Thursday, June 13, 2024

An activist investor with a new $1.9 billion stake in Southwest is calling for big changes at the airline

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Southwest Airlines touts itself as the “LUV” carrier, with its two free checked bags and comedic flight crews — a strategy that revolutionized low-cost air travel and earned the carrier a 47-year profitability streak from 1973 to 2019.

“Poor execution and leadership’s stubborn unwillingness to evolve the Company’s strategy have led to deeply disappointing results for shareholders, employees and customers alike,” the activist investment firm said in a letter announcing a new $1.9 billion stake, which makes it among the company’s largest shareholders.

Elliott said Southwest leadership had a “rigid commitment” to the model it dreamed up decades ago, blaming that for today’s shortcomings. It cited a major meltdown in December 2022 that affected millions of passengers, which stemmed from antiquated crew-scheduling systems and resulted in snowballing cancellations across the country.

“No senior executives were terminated for their role in the meltdown,” it said. Elliott would also like to see new, outside talent on the board of directors.

Southwest’s stock price has fallen more than 50% in three years, Elliot said, underperforming competitors and falling below 2020 levels.

“The mandate from the Board has been clear: Keep doing things the way they have always been done,” the letter said. Elliott added that its ideas could help push the stock up 77% to $49 a share.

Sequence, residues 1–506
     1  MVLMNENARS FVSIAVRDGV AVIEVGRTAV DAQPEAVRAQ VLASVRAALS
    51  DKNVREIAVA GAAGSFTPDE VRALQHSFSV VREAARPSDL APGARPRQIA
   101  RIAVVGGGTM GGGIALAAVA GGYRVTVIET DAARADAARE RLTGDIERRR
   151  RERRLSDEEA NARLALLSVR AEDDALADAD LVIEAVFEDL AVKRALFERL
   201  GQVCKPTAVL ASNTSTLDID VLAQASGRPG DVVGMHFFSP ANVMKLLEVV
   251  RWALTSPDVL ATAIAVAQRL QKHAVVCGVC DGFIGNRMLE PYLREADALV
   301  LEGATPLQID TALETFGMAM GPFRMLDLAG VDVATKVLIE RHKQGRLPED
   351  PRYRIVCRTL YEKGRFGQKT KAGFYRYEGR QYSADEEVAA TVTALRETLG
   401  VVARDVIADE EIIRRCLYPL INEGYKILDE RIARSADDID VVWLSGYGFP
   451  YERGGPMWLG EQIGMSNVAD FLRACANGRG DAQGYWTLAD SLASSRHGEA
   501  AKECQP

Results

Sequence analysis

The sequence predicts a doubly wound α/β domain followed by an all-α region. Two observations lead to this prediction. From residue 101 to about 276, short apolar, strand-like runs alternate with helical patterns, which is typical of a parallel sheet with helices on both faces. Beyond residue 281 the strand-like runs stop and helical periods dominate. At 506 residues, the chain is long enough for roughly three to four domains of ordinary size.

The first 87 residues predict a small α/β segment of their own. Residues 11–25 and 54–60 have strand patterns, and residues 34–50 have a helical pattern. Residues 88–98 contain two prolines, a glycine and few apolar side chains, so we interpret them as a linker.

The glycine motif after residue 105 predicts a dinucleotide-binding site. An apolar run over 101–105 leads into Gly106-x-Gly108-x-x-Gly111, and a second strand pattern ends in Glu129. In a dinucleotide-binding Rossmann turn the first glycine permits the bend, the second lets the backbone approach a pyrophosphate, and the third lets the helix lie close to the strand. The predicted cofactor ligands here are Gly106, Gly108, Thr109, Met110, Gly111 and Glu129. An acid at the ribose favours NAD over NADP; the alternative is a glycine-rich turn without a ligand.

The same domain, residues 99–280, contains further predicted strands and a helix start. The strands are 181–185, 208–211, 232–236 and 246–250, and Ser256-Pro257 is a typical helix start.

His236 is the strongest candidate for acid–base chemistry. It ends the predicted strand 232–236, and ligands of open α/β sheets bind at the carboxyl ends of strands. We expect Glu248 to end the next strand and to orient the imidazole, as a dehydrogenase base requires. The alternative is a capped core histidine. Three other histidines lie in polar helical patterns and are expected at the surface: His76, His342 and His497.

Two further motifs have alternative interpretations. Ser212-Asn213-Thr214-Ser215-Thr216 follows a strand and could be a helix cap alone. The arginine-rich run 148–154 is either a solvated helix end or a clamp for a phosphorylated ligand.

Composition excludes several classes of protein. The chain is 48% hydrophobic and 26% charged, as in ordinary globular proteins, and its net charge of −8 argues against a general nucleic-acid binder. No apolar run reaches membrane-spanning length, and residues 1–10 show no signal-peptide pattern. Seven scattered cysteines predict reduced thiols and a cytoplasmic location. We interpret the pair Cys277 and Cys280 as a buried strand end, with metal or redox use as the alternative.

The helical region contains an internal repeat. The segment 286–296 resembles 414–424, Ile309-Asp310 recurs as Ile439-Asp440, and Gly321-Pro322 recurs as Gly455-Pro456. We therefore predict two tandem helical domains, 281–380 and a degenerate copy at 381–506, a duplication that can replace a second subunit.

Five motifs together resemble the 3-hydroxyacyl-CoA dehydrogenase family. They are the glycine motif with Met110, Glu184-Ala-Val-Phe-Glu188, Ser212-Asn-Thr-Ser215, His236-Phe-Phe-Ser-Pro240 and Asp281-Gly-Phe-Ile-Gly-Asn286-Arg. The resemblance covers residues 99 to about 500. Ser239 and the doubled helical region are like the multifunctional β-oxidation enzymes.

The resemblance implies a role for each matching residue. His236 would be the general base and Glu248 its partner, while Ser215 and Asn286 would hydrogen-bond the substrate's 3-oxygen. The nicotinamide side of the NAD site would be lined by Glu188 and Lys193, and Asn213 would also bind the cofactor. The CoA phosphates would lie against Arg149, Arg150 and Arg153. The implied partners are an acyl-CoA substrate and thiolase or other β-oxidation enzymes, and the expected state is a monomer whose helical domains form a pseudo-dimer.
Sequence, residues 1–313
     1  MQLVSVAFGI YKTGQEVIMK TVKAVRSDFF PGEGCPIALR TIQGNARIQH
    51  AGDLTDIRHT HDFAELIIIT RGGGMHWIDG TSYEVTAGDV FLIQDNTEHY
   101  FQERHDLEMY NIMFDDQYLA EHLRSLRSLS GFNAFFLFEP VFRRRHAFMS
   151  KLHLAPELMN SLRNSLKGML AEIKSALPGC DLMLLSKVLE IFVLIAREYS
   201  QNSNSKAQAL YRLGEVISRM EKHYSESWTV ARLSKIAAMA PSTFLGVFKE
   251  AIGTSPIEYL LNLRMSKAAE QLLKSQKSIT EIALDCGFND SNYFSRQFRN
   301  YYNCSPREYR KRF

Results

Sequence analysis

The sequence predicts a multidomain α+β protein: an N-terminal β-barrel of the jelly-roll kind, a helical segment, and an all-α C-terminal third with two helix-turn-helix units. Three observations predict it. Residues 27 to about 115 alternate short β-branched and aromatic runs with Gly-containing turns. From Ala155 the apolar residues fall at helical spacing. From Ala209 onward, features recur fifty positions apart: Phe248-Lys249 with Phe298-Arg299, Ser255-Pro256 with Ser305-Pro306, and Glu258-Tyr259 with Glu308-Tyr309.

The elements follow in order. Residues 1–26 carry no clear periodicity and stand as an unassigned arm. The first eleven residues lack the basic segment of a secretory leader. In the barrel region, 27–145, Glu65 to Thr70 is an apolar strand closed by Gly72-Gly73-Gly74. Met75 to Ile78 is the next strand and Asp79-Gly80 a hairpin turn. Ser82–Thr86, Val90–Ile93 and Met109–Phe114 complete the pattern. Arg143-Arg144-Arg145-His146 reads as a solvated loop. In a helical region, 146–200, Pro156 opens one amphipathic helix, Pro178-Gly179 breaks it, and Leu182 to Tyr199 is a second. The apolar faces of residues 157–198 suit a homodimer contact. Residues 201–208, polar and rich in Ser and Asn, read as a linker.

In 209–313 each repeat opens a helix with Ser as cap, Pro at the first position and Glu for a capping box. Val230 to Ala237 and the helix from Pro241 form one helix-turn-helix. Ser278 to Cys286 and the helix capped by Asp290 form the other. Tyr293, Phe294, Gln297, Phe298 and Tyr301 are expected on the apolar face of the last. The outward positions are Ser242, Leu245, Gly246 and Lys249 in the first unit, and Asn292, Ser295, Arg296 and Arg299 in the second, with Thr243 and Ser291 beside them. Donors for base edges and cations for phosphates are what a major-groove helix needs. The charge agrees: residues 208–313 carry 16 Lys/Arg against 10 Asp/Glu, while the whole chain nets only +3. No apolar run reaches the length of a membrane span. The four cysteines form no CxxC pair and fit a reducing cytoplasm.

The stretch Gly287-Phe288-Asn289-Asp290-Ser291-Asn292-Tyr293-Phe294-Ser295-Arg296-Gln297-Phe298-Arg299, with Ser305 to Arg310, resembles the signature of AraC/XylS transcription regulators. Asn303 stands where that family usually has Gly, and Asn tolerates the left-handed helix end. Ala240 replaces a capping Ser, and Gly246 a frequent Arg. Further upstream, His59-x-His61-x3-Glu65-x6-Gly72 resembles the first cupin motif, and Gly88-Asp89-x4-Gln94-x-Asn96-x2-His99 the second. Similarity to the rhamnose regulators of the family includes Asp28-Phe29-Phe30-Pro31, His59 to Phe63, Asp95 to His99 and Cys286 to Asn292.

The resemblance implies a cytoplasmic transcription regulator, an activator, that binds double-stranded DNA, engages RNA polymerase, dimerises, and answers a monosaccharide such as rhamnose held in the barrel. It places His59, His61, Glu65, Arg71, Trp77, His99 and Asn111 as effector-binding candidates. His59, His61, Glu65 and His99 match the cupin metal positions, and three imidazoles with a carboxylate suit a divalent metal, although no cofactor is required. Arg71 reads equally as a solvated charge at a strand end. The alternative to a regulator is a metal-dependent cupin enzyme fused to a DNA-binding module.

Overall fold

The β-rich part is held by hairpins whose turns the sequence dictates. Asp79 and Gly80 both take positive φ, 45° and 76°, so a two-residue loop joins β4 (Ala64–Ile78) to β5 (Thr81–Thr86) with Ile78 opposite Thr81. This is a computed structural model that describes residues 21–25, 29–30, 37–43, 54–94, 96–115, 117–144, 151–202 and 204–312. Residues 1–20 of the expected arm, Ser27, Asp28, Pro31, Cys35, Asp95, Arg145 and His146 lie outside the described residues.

Shares rose more than 7% in trading Monday after Elliott unveiled its stake.

Southwest says it’s confident in its executive team

Southwest told Business Insider that it looked forward to “better understanding their views on our company” and defended its board and executive team.

“The Southwest Board of Directors is confident in our CEO and management’s ability to execute against the company’s strategic plan to drive long-term value for all shareholders, safely and reliably serve our customers, and deliver on our commitments to all of our stakeholders,” a spokesperson said.

Raymond James’ airline analyst Savanthi Syth said Southwest could improve its financial performance with better customer service and route enhancements, pointing to red-eye flights and suggesting the prospect of assigned seating.

“We are not surprised by activist interest in Southwest given the very strong franchise with valuable tangible and intangible assets,” she said.

She added that Southwest had “correctly” started to scale back its ambitious growth plans and had the opportunity to address outdated technology.

Elliott Management, which oversees $66 billion in assets, is one of the world’s most feared activist hedge funds. Beyond Southwest, the firm recently disclosed positions in Texas Instruments, the mining company Anglo American, and Match Group, the online-dating company behind Tinder.

“After 18 months of intensive research, we are convinced that Southwest represents the most compelling airline turnaround opportunity in the last two decades,” Elliott said. “The significant investment we have made reflects our conviction that, with the right leadership, Southwest can regain its status as an industry-leading airline.”

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